Ohio Could Soon See 'Stand Your Ground' Measure
Friday, February 24, 2006
- The coming weeks will tell whether a national trend toward 'stand your ground' self-defense legislation goes on to shape debate in the Ohio primary race and the remaining 126th General Assembly. Ohio is not among the 22 states presently weighing measures that relieve potential victims of the "duty to retreat," a position upheld by many state supreme courts, and that instead empower citizens to defend themselves and others with deadly force, both in the home and in the marketplace. Such a measure is already in place in Florida, and is currently under review in all states contiguous to Ohio.
Initial efforts in Florida have been supported by the National Rifle Association (NRA) and opposed by the Brady Campaign to Prevent Gun Violence, named after the former press secretary to Ronald Reagan who was injured in an attack on the president. Stand-your-ground laws generally allow individuals to vigorously defend themselves from a perceived life-threatening situation, and in some cases grant the apparent victim criminal immunity from collateral injury to bystanders.
Click on the "Read More..." link below for more.
Ohio Legislative Liaison John Hohenwarter of the NRA had followed its endorsement of Sen. Tim Grendell's (R-Chesterland) attorney general bid Thursday by saying concealed carry measures were only one of the issues to be brought out in the senator's primary race against Auditor Betty Montgomery. He explained the NRA's support of stand-your-ground legislation Friday. "There's a reason you're seeing this legislation introduced and passed in a number of states," he said. "The judicial system has moved over the years toward an erosion of victim's rights. When your life is threatened, most people are not going to stand and reflect on whether they have a duty to retreat."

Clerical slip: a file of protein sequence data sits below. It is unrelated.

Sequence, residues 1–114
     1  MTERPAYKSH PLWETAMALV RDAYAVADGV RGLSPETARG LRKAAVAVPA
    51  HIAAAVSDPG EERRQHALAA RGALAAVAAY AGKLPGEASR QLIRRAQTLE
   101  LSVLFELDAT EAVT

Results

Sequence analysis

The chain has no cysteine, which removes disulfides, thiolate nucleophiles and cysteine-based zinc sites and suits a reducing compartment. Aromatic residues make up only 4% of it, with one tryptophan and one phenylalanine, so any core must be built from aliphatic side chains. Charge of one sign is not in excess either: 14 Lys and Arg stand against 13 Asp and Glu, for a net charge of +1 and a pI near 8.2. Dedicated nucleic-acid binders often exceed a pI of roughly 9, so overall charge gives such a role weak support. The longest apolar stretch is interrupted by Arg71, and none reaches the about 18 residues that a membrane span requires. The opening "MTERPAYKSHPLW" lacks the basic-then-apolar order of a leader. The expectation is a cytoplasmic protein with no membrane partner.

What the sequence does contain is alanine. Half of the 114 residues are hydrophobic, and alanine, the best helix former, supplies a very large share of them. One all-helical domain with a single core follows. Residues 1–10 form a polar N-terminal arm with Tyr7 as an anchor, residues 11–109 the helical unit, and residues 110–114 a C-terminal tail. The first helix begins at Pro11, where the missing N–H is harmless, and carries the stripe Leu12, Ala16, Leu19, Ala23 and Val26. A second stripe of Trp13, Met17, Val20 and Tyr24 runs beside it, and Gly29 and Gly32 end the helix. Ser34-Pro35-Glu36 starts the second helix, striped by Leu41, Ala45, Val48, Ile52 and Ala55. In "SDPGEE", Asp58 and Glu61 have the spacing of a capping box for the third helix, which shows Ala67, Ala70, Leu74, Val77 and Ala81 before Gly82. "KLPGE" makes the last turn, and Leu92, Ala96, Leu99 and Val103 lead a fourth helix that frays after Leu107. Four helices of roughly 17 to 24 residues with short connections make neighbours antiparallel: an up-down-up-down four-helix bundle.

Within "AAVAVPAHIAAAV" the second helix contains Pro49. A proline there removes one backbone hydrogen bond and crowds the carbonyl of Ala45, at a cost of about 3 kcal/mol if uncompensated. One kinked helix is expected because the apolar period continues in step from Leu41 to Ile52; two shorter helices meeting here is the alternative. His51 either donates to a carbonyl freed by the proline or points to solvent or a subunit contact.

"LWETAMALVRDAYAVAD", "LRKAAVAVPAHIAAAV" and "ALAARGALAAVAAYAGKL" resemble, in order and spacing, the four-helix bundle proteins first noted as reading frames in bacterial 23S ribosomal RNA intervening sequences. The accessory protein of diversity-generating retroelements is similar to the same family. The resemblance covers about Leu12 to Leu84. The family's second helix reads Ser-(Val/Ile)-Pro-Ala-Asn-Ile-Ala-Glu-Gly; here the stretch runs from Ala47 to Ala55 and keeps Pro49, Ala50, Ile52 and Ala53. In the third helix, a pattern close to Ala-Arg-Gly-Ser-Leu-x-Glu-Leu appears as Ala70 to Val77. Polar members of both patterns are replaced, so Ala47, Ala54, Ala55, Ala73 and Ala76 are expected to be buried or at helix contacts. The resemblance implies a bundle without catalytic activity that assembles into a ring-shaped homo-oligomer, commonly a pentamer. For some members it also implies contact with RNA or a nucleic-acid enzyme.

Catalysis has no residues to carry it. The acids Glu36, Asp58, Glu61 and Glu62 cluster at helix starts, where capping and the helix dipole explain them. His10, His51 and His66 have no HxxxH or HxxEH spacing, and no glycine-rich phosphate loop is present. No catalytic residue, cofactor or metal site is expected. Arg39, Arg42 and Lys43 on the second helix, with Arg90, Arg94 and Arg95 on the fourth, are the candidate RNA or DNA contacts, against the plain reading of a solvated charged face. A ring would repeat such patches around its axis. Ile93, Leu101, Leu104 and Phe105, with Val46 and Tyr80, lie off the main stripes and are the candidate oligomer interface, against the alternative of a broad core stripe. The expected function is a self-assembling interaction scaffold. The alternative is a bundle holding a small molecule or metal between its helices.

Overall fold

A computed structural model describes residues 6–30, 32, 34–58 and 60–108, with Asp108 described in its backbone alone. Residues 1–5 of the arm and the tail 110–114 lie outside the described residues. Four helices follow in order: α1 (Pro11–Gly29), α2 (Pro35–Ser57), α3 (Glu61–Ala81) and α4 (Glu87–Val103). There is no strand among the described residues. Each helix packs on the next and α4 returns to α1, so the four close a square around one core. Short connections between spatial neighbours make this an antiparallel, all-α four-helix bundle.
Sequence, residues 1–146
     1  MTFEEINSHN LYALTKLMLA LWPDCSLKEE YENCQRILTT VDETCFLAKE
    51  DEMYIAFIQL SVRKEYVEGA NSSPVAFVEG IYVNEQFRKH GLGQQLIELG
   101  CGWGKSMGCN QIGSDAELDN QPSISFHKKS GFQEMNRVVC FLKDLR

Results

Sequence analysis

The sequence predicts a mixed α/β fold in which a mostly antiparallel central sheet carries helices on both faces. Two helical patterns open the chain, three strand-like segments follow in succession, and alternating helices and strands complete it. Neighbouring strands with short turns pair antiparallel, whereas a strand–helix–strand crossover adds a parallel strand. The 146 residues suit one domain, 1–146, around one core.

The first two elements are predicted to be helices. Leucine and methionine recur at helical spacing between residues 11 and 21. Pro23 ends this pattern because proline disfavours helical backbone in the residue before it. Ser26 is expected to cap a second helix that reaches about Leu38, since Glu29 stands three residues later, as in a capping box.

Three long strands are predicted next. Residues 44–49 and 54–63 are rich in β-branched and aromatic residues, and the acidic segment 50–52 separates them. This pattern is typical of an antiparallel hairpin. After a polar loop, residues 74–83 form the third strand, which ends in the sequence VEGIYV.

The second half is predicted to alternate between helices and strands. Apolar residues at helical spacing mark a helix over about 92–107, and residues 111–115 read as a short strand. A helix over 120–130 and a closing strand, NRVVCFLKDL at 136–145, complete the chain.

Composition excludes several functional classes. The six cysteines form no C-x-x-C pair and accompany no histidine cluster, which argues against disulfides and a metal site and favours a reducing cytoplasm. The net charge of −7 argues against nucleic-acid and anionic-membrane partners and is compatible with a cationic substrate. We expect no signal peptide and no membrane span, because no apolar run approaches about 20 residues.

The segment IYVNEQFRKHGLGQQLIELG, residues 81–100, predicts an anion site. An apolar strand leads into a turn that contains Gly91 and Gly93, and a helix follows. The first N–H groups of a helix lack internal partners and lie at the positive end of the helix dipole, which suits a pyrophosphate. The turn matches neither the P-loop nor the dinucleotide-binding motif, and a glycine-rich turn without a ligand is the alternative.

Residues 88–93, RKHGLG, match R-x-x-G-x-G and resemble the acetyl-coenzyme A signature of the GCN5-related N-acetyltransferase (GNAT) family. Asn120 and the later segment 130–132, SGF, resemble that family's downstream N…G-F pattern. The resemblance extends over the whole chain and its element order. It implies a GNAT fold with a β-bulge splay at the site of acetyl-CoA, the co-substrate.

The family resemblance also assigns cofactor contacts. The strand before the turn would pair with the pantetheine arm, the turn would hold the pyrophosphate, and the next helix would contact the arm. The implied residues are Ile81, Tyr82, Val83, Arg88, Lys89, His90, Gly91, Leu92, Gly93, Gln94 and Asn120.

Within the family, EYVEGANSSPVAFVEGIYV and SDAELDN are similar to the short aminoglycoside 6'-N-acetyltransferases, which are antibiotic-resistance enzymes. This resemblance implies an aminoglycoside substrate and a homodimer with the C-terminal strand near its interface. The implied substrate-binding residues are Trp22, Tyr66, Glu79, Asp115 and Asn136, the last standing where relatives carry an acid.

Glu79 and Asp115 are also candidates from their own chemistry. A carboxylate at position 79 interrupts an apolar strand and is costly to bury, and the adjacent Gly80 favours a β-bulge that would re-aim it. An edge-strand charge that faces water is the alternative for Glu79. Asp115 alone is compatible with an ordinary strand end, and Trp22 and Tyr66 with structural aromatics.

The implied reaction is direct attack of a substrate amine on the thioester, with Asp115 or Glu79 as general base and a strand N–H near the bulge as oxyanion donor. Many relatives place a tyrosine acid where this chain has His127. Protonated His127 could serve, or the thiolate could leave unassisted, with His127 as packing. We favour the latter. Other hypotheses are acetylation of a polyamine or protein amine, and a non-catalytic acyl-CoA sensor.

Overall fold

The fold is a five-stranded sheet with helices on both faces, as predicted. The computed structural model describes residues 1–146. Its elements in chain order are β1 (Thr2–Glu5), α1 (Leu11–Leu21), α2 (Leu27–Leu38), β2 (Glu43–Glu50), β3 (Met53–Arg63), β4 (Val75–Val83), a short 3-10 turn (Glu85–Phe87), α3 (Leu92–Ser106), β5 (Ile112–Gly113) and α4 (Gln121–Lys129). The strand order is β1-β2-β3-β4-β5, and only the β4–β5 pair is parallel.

While Ohio is not officially on the map yet with similar legislation, Hohenwarter suggested a bill may not be too far in the offing. "I've gotten some calls from legislators interested in introducing a bill," he noted. "I would think you may see something in the next couple of weeks." He was less willing, however, to link stand-your-ground measures to the Grendell-Montgomery debate, one the NRA says the senator wins hands down. "Whether this is a new issue that goes into the primary race, I don't know," said Hohenwarter, though he acknowledged Grendell was an enthusiastic supporter of stand-your-ground legislation. "But this issue really hasn't been that controversial, because I think everyone believes people have a right to defend themselves."
That confidence may in fact be a matter of policy debate, as the Brady Campaign and others fear such laws will only encourage more gunplay in urban areas. Hohenwarter rejected the idea, however, that stand-your ground laws will serve as a cover for willing combatants in a gang conflict or similar confrontations -- where someone has to pull the first weapon, and someone else eventually responds. "You would still have to prove in court that your life was in danger," said Hohenwarter. "At any rate, the intent of such a law is not to have people going around looking for trouble. It is meant to give law-abiding citizens the power to protect themselves and their families."
Buckeye Firearms Association Chairman Jim Irvine and Legislative Chair Ken Hanson met with a State Representative's office several months ago about this and have continued to work with the Ohio legislature as they draft this important legislation. Please continue to check this website for updates.
Be sure to read Ken Hanson's Self-Defense Bill of Rights Part I
- 5 reads